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City looks for sales tax increase to benefit public safety


On April 4th, the voters of Marshfield will be asked to vote on the proposed sales tax increase restricted for public safety. The tax equals $0.50 on every $100 spent in city limits.

“We’re asking residents to approve this increase that is restricted to benefit the police department,” said Mayor Natalie McNish. “Public safety is our number one concern, for both myself and the Board of Aldermen. It’s always been a goal of mine to make sure we preserve our city with at least two officers on duty at all times. With a changing environment, it’s critically important that we not only do that, but we make sure those officers are equipped and resourced with training and equiptment that they need, as well as a facility that operates int he manner that they require to accomplish their duties… all of this keeps the rest of us safe.”

The City has explained how they intend to use these monies and is trying to spread this education through social media, publications, and any group who would like the mayor or aldermen to come present on the topic.

“We have really dove into the statistics on this,” explained Marshfield Police Chief Doug Fannen. “Since I came here almost 20 years ago, we have really only grown by one officer… we just do not have the staffing or the manpower to properly cover our city.”

According to the Department of Public Safety, Seymour has 11 officers for a population of 1,850. Rogersville has 10 officers for a population of 4,413. The population of Marshfield is currently 7,540 with 12 police officers, the newest officer joining last year.

“We work 200 hours a month with only one officer on duty. With that being said, if this tax passes, we will be able to hire four new officers to put out on patrol,” Fannen added. “With the hiring of new officers, this will make our response time quicker, we’ll be able to voter more areas at one time and we’ll be able to investigate crimes more efficiently. Marshfield handles a little over 1,000 calls per month and that’s double, nearly triple the calls that other area municipal agencies handle, with the same number of officers.”

Should the tax pass, the future funds have already been allocated with 52% going to personnel, 18% will go towards equipment purchases, 19% would go toward remodeling the interior of the facilities at the MPD station, with the remaining 11% going towards repairs and replacements for department equiptmnet.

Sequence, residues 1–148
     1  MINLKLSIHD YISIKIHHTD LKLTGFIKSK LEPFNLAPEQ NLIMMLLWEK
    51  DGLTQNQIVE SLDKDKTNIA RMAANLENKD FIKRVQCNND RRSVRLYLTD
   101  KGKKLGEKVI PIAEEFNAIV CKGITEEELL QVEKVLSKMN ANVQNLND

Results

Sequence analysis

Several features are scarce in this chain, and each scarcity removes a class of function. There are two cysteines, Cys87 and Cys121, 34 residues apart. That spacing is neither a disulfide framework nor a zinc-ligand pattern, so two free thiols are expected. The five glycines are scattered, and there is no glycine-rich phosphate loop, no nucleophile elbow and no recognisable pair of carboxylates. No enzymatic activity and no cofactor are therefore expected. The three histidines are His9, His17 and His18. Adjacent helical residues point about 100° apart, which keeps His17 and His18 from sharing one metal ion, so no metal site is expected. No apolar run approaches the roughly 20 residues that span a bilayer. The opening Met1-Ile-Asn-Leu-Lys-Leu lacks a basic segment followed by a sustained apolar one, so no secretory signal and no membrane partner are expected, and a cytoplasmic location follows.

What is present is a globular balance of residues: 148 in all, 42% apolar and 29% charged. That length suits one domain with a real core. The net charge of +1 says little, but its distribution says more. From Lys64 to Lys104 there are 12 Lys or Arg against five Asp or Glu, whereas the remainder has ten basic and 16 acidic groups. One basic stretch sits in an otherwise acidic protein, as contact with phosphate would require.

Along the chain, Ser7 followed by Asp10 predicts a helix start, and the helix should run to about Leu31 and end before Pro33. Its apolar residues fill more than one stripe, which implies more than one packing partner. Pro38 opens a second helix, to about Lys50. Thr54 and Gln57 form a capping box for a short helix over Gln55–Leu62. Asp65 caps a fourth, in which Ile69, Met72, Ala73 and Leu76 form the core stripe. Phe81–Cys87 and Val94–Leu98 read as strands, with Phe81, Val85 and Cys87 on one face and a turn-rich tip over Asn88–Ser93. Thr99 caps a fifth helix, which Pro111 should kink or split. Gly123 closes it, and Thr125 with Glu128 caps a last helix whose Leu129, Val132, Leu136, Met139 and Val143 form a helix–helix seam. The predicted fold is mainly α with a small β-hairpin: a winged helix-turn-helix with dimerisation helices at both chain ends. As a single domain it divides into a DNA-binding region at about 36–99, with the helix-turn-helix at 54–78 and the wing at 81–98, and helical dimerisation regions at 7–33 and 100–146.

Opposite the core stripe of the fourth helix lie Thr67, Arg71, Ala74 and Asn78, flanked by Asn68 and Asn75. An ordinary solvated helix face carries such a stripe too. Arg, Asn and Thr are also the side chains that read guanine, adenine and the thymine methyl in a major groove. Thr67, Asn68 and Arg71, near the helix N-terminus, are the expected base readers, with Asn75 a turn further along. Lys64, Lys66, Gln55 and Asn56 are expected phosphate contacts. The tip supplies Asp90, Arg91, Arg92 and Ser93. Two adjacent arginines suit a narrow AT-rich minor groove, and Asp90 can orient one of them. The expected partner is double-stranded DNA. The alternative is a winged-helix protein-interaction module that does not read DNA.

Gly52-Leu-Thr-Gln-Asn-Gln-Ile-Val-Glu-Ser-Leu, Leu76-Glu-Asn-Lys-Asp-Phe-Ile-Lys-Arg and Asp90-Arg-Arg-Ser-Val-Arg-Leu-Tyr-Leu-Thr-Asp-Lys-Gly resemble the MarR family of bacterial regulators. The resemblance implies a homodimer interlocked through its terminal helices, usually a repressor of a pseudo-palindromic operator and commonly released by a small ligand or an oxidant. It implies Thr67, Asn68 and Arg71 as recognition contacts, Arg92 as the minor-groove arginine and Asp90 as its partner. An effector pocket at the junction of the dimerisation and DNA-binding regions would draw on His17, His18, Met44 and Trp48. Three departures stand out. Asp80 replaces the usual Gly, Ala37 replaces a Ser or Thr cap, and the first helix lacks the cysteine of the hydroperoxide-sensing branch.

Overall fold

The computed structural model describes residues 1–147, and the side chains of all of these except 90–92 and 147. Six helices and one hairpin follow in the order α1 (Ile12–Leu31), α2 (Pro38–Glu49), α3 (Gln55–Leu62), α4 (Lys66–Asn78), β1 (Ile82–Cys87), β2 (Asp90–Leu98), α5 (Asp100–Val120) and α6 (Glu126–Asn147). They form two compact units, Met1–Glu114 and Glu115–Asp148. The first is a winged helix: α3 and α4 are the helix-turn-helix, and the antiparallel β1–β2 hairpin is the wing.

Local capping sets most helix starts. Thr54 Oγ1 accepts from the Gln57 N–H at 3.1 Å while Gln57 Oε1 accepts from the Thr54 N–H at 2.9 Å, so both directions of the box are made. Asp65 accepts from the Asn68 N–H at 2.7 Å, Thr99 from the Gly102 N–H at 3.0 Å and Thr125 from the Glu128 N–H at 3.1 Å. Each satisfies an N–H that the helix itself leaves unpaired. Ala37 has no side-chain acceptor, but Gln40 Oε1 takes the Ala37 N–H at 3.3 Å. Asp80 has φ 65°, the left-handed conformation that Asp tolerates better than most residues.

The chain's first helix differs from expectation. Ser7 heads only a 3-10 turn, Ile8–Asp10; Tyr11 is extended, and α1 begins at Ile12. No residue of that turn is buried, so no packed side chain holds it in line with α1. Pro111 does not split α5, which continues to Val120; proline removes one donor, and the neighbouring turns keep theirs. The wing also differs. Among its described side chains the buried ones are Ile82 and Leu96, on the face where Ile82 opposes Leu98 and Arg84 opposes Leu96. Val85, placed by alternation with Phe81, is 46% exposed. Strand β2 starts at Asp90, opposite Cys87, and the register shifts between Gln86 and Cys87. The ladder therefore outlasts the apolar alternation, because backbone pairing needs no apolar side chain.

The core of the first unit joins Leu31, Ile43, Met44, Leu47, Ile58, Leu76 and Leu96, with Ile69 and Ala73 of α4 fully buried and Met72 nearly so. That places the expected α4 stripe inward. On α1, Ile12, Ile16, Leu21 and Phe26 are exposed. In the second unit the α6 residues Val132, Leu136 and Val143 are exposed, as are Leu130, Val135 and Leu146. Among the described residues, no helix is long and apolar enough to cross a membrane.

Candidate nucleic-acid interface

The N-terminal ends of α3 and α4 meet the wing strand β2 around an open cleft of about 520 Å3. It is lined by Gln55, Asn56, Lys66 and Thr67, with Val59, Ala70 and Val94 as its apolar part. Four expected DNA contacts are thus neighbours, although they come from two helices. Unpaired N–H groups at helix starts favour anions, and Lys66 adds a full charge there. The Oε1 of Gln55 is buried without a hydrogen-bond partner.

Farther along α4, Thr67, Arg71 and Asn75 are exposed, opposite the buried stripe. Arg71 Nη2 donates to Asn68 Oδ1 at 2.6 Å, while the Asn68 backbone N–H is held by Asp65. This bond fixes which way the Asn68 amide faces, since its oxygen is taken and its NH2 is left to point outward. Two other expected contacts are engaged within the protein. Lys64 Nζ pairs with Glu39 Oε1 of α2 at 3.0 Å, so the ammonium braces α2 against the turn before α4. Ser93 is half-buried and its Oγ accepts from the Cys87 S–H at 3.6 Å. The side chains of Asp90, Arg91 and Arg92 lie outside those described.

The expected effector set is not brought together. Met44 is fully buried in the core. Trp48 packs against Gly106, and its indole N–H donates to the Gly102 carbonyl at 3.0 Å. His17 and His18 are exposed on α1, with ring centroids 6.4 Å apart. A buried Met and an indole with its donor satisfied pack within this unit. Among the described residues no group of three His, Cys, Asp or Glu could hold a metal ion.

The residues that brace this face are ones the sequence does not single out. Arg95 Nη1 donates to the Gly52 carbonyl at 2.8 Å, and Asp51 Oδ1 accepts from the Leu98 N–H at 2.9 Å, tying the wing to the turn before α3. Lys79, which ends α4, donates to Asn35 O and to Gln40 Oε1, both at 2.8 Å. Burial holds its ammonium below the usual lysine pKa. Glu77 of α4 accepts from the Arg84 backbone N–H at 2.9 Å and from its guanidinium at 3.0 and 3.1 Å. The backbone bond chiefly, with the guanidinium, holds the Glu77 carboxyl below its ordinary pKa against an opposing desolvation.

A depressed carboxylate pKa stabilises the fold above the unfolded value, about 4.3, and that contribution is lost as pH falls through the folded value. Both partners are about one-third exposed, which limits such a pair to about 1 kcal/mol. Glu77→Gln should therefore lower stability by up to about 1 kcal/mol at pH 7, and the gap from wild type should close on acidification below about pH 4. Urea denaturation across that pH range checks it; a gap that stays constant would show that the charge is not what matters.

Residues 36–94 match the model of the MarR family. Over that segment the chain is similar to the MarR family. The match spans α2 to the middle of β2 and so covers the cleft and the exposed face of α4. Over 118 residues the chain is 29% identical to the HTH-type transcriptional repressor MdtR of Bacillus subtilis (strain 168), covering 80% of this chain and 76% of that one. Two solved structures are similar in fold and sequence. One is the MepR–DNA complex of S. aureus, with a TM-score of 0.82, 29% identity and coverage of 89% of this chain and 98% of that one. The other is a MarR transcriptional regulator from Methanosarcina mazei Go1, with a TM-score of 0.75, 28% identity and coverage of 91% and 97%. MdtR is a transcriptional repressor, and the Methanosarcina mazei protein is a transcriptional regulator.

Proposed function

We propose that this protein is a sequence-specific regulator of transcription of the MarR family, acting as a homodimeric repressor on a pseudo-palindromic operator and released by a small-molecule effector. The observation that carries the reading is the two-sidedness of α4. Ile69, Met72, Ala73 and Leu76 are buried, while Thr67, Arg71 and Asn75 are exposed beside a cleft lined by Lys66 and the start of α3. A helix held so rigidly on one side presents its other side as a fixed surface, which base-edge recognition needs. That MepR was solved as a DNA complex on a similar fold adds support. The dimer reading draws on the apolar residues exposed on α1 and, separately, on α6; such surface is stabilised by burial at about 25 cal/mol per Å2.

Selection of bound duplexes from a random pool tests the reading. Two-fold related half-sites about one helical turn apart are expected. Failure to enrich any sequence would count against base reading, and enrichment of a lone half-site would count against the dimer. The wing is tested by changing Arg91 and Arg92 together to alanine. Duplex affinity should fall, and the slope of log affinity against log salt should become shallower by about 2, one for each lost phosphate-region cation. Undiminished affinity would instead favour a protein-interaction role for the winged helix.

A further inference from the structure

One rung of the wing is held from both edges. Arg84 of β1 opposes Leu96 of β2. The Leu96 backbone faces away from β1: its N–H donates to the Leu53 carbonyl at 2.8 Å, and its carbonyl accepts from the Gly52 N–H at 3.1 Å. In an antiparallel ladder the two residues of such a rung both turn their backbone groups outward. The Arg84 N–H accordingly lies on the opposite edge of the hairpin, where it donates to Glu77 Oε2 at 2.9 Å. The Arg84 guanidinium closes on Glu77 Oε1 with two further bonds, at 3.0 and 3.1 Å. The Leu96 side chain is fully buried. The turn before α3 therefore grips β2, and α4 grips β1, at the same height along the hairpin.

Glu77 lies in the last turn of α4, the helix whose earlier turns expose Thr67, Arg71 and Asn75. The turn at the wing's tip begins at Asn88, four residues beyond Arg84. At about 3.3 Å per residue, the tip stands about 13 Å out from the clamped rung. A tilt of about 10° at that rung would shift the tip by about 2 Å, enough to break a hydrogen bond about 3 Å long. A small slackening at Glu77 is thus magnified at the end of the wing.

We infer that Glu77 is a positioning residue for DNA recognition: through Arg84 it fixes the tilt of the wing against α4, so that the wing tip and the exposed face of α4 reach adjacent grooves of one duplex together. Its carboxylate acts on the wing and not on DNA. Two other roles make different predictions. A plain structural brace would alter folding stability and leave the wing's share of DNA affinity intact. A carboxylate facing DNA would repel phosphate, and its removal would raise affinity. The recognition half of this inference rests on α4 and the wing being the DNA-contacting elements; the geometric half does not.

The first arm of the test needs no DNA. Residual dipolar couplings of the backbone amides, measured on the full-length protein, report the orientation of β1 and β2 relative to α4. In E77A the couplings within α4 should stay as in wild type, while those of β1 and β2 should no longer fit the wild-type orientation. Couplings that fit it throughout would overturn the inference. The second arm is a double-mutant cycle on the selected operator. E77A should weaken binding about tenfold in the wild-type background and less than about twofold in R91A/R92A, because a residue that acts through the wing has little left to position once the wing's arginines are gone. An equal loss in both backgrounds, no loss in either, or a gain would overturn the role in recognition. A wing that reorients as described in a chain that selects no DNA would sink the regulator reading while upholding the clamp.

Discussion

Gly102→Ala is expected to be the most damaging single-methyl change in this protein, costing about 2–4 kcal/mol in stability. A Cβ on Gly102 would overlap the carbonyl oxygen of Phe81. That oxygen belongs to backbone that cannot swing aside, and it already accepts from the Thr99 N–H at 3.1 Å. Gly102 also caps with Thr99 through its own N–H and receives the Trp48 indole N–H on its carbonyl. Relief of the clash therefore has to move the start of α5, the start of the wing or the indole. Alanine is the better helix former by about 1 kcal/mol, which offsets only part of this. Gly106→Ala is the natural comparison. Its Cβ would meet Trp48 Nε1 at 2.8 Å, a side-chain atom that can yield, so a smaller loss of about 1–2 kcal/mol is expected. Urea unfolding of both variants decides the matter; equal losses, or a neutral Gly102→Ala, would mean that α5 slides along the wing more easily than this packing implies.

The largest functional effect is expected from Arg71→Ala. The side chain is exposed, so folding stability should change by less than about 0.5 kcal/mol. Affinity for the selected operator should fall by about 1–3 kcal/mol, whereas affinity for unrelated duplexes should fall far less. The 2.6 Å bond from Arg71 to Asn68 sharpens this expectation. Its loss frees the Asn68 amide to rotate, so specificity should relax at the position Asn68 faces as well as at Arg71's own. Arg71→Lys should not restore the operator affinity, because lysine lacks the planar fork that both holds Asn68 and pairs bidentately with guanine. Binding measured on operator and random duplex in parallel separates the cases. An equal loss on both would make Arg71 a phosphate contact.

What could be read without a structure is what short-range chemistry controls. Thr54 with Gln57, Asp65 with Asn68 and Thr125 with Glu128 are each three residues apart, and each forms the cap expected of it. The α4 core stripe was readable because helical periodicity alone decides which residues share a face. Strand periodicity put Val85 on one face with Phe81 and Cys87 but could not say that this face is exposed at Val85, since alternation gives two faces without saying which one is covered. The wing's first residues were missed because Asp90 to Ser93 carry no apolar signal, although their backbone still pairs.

Currently, MPD is the only agency in Webster County that does not have body cameras, car cameras or car computers. These are the main equipment purchased that the department aims to make with the tex funds. The cameras for the squad cars alone are around $5,000 per vehicle. With eight cars, that adds up quikly to $40,000, which explains why the department has been unable to add these devices for public safety so far. The department not only has to make the initial purchase, they also have to pay to store the information collected by the cameras for one year, as well as maintaining the devices over the years.

“As far as the facility remodeling goes, we’re not looking to build a huge new station… we just want to reallocate the space that we currently have,” Fannen said. “Right now, we operate out of about 25% of the building. Another 25% of the building is the area where we hold municipal court, which by law we are not allowed to be in. The other half of the building is the street department. Eventually, we want the street department to be able to move out and into their own structure. But to remodel, we want to add more offices for our officers and another space for a new detective.”

The funds allocated toward maintenance will also help with repairs and replacements as issues arise.

“We’ve had two transmissions blow in police cars within the first two months of this year,” Fannen added. “We ordered new squad cars two years ago and they still haven’t arrived, so in return, repairing those two police car transmissions have already used about two thirds of our maintenance budget for the year. So we think it’s important to allot funds for a nest egg, which will be used for these repairs. Another thing we have to do is purchase new vests every five years, which add up to quite a bit of money… these funds will drastically help us over things like this.”

The ballot will read as follows:

Shall the City of Marshfield, Missouri, be authorized to increase its general sales tax by one-half percent (1/2 of 1%) for the purpose of improving public safety in the City, including, but not limited to, hiring additional City police officers and staff, acquiring additional police vehicles and related equipment, and constructing and renovating facilities for the City's police department?

“I am happy to answer any questions from the public,” added Mayor McNish. “You are also welcome to reach out to our Police Chief, City Administrator, or your Alderman at any time prior to this vote.”


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